25. ^ "President Obama Delivers a Statement". youtube.com/thewhitehouse. The White House. Retrieved November 9, 2016. This article incorporates public domain material from websites or documents of the White House.
  26. ^ "Notable presidential transitions". Chicago Tribune. December 2, 2008. Retrieved January 10, 2017.
  27. ^ Gibbs, Nancy (November 10, 2008). "When New President Meets Old, It's Not Always Pretty". TIME.
  28. ^ Rudney, Robert. "Lessons Learned from the 1932–1933 Presidential Transition". www.commondreams.org. Retrieved October 30, 2008.
  29. ^ "The George W. Bush transition to power • Center for Presidential Transition". Center for Presidential Transition. July 6, 2020. Retrieved January 29, 2021.
  30. ^ [1][dead link]
  31. ^ Subscribers, Attention Print Newspaper. "NP Story". Archived from the original on January 30, 2009 – via National Post.
  32. ^ Jim Puzzanghera (January 20, 2009). "On White House Website, Change Is Already Evident". Courant.com. Archived from the original on January 24, 2009. Retrieved December 13, 2016.
  33. ^ https://www.archives.gov/era/acera/presentations/bush-elec-records.ppt.
  34. ^ "Highlights of Hillary Clinton's Concession Speech and President Obama's Remarks". The New York Times. November 9, 2016. Archived from the original on November 9, 2016. Retrieved November 17, 2016.
  35. ^ Bublé, Courtney (November 13, 2020). "Former GSA Administrator Reflects on Ascertaining the Election in 2016". Government Executive. Retrieved November 17, 2020.
  36. ^ a b Shear, Michael D.; Haberman, Maggie; Crowley, Michael (November 10, 2020). "Trump Appointee Stands Between Biden's Team and a Smooth Transition". New York Times.
  37. ^ "The Latest: FAA imposes restrictions over Trump Tower". WKOW-TV. November 9, 2016. Archived from the original on November 10, 2016. Retrieved November 9, 2016.
  38. ^ Acosta, Jim (November 15, 2016). "Trump receives first President's Daily Brief". CNN. Archived from the original on November 15, 2016. Retrieved November 15, 2016.
  39. ^ "45". Politico. November 9, 2016. Retrieved November 9, 2016.
  40. ^ Thrush, Glenn; Nelson, Louis (November 11, 2016). "Pence to take over Trump's transition effort from Christie". Politico. Retrieved November 12, 2016.
  41. ^ Trump lawyers suffered multiple rebukes from judges over voter fraud claims
  42. ^ Trump claims millions of his votes were ‘deleted’ by election system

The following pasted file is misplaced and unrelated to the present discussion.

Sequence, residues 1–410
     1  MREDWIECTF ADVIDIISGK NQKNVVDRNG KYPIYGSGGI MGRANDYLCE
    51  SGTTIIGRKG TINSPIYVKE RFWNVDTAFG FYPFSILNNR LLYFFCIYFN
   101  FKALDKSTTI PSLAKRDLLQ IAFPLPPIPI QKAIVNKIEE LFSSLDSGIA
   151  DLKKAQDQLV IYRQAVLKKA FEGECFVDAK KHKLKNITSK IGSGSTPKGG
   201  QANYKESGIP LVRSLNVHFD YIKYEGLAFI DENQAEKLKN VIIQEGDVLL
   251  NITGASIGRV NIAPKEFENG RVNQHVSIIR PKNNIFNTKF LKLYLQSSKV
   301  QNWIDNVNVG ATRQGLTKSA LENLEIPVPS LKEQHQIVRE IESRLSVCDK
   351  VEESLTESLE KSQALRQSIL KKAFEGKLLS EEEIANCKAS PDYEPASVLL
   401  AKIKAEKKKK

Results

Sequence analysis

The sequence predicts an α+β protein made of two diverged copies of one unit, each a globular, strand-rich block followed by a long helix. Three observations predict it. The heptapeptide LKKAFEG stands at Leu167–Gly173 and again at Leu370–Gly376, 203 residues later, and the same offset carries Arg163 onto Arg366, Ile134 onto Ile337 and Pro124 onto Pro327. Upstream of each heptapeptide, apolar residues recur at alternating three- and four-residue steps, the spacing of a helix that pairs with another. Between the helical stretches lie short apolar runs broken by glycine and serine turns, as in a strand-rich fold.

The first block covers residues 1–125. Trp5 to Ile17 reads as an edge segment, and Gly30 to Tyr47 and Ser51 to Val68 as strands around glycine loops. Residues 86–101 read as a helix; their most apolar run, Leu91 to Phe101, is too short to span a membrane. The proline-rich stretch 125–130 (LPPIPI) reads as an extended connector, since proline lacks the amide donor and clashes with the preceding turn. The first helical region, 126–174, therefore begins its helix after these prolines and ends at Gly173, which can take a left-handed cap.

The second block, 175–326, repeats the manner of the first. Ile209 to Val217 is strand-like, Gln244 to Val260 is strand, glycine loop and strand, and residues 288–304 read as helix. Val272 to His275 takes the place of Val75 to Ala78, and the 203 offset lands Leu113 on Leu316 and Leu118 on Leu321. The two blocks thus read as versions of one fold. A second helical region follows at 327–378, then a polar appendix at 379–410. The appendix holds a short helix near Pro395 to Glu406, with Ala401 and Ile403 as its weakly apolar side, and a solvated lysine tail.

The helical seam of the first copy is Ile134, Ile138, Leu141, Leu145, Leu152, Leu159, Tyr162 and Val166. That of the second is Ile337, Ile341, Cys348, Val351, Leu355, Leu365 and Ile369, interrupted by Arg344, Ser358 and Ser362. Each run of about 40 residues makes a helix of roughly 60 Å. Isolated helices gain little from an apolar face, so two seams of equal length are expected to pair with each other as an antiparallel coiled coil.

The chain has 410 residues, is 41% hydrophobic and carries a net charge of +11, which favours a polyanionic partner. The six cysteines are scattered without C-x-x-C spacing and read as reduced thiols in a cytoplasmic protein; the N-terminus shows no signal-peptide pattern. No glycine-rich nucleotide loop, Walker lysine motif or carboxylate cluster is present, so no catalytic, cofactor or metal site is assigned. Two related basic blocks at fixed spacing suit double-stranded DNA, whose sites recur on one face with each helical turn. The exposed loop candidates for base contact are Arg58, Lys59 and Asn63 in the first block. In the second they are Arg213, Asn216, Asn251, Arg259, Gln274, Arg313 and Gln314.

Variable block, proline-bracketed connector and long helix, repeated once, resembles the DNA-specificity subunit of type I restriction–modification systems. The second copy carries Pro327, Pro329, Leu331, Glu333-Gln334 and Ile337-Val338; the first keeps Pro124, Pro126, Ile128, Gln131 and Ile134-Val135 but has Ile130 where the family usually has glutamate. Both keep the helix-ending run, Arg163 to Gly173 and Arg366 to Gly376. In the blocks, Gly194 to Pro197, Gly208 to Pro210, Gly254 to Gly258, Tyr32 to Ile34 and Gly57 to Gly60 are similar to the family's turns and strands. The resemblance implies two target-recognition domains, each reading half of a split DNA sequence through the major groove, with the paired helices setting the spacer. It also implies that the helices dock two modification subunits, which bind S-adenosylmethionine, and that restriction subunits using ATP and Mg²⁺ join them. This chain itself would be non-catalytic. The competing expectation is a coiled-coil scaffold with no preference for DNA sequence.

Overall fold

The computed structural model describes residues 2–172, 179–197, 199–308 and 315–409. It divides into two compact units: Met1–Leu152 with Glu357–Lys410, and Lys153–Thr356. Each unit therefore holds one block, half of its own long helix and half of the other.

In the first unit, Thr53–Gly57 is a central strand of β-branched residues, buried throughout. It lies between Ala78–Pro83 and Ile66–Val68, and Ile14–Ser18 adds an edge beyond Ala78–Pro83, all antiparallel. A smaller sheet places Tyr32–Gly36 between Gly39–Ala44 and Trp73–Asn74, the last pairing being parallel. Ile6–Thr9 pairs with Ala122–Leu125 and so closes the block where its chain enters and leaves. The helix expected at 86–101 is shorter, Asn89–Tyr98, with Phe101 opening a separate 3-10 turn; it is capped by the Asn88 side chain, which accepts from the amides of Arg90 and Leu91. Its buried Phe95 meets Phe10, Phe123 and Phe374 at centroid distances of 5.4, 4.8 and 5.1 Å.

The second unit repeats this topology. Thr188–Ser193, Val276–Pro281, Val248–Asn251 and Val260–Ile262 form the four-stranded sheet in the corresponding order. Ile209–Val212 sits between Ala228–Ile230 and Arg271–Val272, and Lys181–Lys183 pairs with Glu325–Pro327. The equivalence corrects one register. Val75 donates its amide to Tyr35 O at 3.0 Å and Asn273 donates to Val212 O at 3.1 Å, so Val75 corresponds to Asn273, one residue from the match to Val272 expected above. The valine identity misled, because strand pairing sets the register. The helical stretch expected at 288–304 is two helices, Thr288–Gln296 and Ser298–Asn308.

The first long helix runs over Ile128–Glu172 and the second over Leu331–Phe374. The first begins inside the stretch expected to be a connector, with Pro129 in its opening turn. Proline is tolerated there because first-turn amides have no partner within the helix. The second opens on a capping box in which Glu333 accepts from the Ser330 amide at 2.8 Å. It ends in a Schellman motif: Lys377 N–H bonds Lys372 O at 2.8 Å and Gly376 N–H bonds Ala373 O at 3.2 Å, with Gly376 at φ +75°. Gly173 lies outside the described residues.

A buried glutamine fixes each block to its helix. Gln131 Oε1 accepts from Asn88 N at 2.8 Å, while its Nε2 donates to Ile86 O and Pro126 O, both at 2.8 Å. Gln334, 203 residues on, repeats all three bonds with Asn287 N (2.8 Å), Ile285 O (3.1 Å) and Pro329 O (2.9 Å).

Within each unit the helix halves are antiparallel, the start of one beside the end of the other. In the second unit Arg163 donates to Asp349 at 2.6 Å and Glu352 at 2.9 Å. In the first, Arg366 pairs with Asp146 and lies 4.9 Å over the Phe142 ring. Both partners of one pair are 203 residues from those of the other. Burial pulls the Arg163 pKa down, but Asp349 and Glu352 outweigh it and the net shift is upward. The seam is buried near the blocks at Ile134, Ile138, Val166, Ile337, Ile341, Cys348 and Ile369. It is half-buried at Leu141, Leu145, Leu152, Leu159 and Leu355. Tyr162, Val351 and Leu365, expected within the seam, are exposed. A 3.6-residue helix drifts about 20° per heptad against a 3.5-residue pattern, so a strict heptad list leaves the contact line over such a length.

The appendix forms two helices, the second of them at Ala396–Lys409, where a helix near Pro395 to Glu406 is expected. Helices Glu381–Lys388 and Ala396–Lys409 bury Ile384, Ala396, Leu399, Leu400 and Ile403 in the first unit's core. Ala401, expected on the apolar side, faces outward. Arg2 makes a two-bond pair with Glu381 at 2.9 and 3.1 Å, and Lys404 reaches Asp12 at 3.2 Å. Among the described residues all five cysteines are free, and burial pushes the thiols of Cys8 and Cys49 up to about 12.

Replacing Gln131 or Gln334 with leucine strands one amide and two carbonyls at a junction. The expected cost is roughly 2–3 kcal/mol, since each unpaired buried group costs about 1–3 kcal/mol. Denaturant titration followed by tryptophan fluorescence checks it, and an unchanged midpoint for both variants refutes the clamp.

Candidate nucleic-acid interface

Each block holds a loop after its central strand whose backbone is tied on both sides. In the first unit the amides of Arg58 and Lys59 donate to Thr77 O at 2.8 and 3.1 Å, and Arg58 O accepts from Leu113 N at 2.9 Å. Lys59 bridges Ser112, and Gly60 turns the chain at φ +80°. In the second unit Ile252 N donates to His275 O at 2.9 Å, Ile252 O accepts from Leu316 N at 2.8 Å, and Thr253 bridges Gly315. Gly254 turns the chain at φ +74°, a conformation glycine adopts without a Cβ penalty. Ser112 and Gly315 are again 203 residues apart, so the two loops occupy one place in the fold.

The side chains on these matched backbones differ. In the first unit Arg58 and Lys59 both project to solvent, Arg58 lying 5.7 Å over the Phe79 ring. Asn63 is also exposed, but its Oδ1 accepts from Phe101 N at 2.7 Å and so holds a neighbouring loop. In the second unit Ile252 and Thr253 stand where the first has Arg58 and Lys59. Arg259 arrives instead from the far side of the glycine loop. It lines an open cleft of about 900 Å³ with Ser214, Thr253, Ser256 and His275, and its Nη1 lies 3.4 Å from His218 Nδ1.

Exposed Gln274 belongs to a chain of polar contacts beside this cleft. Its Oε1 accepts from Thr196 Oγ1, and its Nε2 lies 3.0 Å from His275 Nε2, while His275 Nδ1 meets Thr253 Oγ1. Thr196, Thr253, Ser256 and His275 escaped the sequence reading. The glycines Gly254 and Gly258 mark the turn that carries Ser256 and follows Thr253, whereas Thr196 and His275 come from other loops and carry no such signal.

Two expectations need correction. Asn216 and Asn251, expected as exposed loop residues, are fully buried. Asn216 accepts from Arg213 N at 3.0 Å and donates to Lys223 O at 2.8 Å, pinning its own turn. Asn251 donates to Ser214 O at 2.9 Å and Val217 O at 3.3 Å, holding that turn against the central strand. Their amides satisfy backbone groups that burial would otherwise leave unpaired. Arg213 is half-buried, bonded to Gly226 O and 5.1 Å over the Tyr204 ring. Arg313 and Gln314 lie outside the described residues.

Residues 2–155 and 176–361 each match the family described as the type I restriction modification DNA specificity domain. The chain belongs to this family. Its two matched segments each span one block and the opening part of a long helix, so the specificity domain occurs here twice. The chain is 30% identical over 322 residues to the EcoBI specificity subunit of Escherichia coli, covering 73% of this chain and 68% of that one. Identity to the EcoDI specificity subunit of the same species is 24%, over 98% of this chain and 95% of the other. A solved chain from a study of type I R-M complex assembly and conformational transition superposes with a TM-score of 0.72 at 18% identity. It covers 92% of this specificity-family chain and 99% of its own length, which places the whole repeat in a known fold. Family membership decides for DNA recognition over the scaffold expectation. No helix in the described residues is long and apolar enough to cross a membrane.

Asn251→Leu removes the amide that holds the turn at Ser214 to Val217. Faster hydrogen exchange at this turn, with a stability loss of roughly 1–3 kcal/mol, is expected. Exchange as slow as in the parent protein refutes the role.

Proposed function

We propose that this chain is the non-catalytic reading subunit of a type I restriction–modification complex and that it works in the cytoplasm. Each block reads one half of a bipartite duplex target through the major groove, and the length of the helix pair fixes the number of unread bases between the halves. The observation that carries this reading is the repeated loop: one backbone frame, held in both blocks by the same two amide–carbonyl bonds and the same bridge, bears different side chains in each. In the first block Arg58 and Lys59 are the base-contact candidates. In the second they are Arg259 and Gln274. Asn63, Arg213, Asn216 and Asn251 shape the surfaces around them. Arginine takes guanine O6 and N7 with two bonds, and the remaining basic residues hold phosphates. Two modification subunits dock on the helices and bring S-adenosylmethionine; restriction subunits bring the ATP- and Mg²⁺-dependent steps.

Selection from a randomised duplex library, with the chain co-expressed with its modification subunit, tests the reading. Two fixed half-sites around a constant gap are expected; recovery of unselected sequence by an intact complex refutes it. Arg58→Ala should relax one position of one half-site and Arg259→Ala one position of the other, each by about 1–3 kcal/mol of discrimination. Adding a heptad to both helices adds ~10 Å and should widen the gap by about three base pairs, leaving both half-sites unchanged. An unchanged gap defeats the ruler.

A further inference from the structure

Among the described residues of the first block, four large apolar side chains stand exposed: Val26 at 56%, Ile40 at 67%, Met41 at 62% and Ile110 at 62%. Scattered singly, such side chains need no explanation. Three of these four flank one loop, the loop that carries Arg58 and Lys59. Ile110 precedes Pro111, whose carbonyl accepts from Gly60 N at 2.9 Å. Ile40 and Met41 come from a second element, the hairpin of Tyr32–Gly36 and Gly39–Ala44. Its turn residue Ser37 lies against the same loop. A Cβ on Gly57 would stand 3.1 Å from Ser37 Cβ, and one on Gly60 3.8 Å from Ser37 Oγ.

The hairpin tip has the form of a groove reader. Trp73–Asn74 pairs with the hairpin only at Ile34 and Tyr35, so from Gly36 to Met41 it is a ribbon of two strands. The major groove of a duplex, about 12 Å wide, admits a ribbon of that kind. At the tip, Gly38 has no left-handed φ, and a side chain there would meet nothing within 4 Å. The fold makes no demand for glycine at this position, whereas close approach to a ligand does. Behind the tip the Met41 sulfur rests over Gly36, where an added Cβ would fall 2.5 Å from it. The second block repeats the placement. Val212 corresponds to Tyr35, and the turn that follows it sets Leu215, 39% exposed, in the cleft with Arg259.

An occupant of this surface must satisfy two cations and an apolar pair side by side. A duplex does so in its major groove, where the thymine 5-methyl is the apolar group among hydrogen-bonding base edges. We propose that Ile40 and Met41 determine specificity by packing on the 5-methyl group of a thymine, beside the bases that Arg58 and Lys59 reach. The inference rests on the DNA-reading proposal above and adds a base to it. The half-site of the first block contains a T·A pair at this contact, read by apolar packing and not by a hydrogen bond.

43. ^ 'Most secure in history': Security agencies refute Trump's election fraud claims
  44. ^ Epstein, Jennifer (November 10, 2020). "Biden Transition Team Calls on Federal Agency to Declare Winner". Bloomberg. Archived from the original on November 18, 2020. Retrieved November 18, 2020. Biden was declared the winner by media organizations after securing enough electoral votes.
  45. ^ Budryk, Zack (November 9, 2020). "Biden campaign pushes GSA chief to approve transition". The Hill. Archived from the original on November 19, 2020. Retrieved November 18, 2020. Major media outlets projected Biden as the president-elect Saturday.
  46. ^ Levin, Bess (November 16, 2020). "THE TRUMP APPOINTEE BLOCKING BIDEN'S TRANSITION IS REPORTEDLY TRYING TO LINE UP A NEW JOB FOR 2021". Vanity Fair. Archived from the original on November 17, 2020. Retrieved November 18, 2020. But 13 days after the 2020 election and more than a week after all major media outlets called the race for Joe Biden, with Trump having absolutely no chance of getting a second term, Murphy has refused to acknowledge that Biden won, making it that much more difficult for the president-elect and his team to get a head start on crucial matters like a pandemic that has killed more than 245,000 people in the U.S. so far and stands to kill a lot more if no one does anything about it until January 2021.
  47. ^ Young, Robin (November 9, 2020). "In Unprecedented Move, Key Federal Agency Hesitates On Declaring Biden Winner". WBUG.org. Archived from the original on November 9, 2020. Retrieved November 18, 2020. The answer is no, and I think you rightly note that this is different than what occurred in 2000 [in the Al Gore vs. George W. Bush race], there is a consensus certainly on the media side and with the states that are at play.
  48. ^ https://www.jpost.com/american-politics/biden-to-bring-in-national-security-experts-after-briefings-denied-649056
  49. ^ Coleman, Justine (November 12, 2020). "State Department won't give Biden messages from foreign leaders: report". www.msn.com. Retrieved November 17, 2020.
  50. ^ "No State Dept role in Biden congratulatory calls with foreign leaders". www.msn.com. Retrieved November 17, 2020.
  51. ^ CBSNews. "What is the GSA, and what role does it play in the presidential transition?". CBSNews. Retrieved November 23, 2020.
  52. ^ Garrison, Joey (January 8, 2021). "A president hasn't refused to attend the inauguration of his successor in 152 years. Donald Trump will change that". USA Today. Retrieved January 10, 2020.
  53. ^ Haberman, Maggie (January 9, 2021). "Pence plans to attend Biden's inauguration". The New York Times. Retrieved January 10, 2021.

Further readings[edit]

External links[edit]